# I'm reading a book on linear algebra, where the author gives a method to test the handedness or chir Joshua Foley 2022-07-12 Answered
I'm reading a book on linear algebra, where the author gives a method to test the handedness or chirality of a given set of 3 basis vectors.
if (v1×v2)⋅v3>0 then it's right-handed, while if it's less than 0, it's left handed.
What beats me is that numbers are just numbers, left or right handedness of a system depends on the viewer and how he interprets the given data.
Taking the canonical basis vectors $\stackrel{^}{i},\stackrel{^}{j},\stackrel{^}{k}$ in both left and right handed systems $i×j=k$, thereby $k\cdot k=‖k{‖}^{2}>0$ (always), then how does this test hold true?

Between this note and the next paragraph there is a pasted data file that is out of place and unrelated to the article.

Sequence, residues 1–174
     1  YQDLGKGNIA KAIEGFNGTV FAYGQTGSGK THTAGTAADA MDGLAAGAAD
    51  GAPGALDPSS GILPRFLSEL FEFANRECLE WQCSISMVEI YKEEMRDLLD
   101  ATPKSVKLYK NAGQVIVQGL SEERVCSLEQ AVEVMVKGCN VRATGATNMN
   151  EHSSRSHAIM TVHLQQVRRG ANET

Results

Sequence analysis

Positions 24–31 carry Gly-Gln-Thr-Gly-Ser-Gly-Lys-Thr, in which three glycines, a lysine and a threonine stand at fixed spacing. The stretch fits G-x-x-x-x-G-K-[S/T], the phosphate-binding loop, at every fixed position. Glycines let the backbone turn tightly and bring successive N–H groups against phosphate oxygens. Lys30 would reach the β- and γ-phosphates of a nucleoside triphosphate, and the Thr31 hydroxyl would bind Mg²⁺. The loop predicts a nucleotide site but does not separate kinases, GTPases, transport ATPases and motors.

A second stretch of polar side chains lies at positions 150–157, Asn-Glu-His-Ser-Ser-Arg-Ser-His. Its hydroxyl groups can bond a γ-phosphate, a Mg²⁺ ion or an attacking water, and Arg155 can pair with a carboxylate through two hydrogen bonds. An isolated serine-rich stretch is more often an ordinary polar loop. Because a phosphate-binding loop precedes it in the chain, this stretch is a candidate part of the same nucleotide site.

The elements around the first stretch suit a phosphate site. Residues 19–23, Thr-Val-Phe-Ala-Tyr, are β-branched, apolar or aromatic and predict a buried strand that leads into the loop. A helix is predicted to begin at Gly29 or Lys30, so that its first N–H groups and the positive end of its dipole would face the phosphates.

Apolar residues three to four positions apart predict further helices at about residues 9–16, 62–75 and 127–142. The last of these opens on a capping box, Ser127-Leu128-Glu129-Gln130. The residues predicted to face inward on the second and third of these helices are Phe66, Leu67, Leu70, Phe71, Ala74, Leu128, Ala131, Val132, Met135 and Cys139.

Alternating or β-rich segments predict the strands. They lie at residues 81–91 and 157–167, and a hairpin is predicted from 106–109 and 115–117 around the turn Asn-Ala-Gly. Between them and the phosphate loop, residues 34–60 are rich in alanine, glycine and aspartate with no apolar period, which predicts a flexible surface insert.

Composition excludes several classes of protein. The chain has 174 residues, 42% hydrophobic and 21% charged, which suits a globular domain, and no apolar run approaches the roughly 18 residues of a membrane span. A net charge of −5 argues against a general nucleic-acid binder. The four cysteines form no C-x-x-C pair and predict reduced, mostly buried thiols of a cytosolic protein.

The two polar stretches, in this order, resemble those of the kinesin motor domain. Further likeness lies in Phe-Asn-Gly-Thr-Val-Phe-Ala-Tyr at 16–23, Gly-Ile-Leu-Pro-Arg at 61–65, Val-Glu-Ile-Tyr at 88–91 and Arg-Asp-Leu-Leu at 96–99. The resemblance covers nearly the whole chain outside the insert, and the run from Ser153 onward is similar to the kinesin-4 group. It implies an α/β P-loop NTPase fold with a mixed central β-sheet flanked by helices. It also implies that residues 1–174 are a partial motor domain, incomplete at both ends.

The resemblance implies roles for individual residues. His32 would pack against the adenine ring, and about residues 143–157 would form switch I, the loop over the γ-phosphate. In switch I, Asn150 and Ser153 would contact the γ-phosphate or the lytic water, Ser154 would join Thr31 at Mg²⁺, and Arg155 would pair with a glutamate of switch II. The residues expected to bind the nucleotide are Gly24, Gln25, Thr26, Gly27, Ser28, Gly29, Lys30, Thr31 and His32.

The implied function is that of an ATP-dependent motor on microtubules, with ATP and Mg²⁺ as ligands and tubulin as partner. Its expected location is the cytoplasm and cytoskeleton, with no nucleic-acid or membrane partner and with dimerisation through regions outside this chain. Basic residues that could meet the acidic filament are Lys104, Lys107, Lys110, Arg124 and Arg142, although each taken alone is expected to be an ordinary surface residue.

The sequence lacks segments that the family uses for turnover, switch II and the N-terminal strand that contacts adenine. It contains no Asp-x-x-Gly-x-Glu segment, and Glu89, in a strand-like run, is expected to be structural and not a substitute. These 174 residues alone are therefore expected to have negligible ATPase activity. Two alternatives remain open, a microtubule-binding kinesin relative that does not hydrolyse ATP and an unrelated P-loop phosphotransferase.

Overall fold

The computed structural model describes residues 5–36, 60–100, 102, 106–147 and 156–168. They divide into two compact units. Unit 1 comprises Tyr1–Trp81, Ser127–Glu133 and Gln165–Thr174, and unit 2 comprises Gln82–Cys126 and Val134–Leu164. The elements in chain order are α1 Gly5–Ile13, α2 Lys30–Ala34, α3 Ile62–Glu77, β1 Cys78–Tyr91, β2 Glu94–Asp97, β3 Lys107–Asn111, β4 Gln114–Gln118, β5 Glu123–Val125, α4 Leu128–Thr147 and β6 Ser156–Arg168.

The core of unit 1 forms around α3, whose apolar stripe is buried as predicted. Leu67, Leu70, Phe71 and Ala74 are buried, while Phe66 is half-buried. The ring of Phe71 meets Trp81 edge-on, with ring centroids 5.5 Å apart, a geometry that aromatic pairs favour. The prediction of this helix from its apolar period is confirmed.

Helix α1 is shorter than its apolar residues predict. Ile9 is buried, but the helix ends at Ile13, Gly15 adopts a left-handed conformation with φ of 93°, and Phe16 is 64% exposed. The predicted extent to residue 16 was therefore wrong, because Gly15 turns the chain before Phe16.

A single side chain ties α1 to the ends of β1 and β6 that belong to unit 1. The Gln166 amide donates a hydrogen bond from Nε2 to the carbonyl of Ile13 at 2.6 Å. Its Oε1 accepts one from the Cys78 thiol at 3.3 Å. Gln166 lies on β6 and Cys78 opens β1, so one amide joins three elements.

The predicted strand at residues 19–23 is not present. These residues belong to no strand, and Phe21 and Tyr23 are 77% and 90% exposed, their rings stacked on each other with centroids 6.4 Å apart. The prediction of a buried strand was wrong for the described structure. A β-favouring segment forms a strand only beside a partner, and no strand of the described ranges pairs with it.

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Orientation (handedness) is not about a set of vectors, it is about an ordered list of vectors. That is, a certain ordering, (i,j,k) is agreed to as right handed. Then (j,i,k) is left handed. This may or may not agree with some notion you have from physics, hard to predict.
A smooth manifold is orientable...never mind.

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